“But we’re still bracing,” Hickenlooper told Candy Crowley on CNN’s “State of the Union” on Sunday. “I mean, there are many, many homes that have been destroyed. A number have been collapsed, and we haven’t been in them yet.”
‘The helicopters — those were the best’
Ten-year-old Luca Voeller was on a fifth-grade field trip to a camp at a high elevation when the flood began. The floodwaters blocked the road to the camp, trapped 78 students and their teachers.
Teachers were hatching a plan to hike across several miles when National Guard helicopters arrived Saturday.
“The helicopters – those were the best,” he said.
All the choppers were grounded by rain Sunday. But only scattered showers are expected Monday, and then no rain is in the forecast for the remainder of the week.
“If we get that window of opportunity, which it sounds like we might get, we have the horsepower to hit it hard,” federal incident commander Shane Del Grosso said.
Authorities Sunday issued instructions to stranded residents via news and social media how to flag down one of those helicopters.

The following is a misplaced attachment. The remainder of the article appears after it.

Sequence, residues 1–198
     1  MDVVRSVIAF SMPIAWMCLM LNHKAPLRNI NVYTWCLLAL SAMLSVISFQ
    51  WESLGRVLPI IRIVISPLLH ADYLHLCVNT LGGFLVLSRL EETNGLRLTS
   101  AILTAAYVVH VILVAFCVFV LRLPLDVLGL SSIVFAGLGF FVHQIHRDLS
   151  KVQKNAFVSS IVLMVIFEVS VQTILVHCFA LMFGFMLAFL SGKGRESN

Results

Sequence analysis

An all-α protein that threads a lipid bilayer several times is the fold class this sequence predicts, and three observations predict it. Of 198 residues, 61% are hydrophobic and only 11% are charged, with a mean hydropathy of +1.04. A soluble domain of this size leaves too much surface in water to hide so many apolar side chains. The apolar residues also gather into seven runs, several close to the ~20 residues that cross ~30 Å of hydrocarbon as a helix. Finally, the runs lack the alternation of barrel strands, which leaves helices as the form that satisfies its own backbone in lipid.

“Wave a sheet, put a sheet on the roof, fire off flares, even use a small fire so we can see the smoke,” said Ben Pennymon, spokesman for the Boulder County Office of Emergency Management.
He also recommended using a mirror to reflect sunlight.
“And we’re asking people to be ready to go,” Pennymon said.
Medicine, clothes any other critical items should be in “go bag,” he said.
Off the field, into the kitchen
The University of Colorado’s football players, whose home game against Fresno State was canceled Saturday, instead served lunch to about 800 evacuees.
The food had been delivered to the stadium for the canceled game, and university officials didn’t want it to go to waste.
Many of the recipients had been displaced from student housing, the university’s athletic department website reported.
“Tragedies like this can make you feel really separated from the rest of the world,” said Sarah Stith, a resident manager of a school apartment complex. “And it’s things like this that just make you realize what a great community we have.”